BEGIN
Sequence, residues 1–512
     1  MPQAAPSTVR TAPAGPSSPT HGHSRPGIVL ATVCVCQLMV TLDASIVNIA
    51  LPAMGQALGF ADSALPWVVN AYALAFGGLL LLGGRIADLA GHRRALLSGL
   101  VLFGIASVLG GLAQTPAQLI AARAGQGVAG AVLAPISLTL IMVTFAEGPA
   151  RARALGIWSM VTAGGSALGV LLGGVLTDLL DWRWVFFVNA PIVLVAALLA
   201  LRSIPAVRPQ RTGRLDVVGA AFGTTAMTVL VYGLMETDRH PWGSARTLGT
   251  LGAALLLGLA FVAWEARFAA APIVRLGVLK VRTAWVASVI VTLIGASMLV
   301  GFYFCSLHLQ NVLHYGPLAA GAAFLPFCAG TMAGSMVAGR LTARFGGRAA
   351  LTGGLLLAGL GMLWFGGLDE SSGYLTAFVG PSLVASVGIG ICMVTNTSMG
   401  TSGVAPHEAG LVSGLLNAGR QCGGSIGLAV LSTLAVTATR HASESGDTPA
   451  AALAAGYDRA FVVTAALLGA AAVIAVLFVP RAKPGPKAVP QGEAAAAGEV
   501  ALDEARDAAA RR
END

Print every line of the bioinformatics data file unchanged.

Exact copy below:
Sequence, residues 1–512
     1  MPQAAPSTVR TAPAGPSSPT HGHSRPGIVL ATVCVCQLMV TLDASIVNIA
    51  LPAMGQALGF ADSALPWVVN AYALAFGGLL LLGGRIADLA GHRRALLSGL
   101  VLFGIASVLG GLAQTPAQLI AARAGQGVAG AVLAPISLTL IMVTFAEGPA
   151  RARALGIWSM VTAGGSALGV LLGGVLTDLL DWRWVFFVNA PIVLVAALLA
   201  LRSIPAVRPQ RTGRLDVVGA AFGTTAMTVL VYGLMETDRH PWGSARTLGT
   251  LGAALLLGLA FVAWEARFAA APIVRLGVLK VRTAWVASVI VTLIGASMLV
   301  GFYFCSLHLQ NVLHYGPLAA GAAFLPFCAG TMAGSMVAGR LTARFGGRAA
   351  LTGGLLLAGL GMLWFGGLDE SSGYLTAFVG PSLVASVGIG ICMVTNTSMG
   401  TSGVAPHEAG LVSGLLNAGR QCGGSIGLAV LSTLAVTATR HASESGDTPA
   451  AALAAGYDRA FVVTAALLGA AAVIAVLFVP RAKPGPKAVP QGEAAAAGEV
   501  ALDEARDAAA RR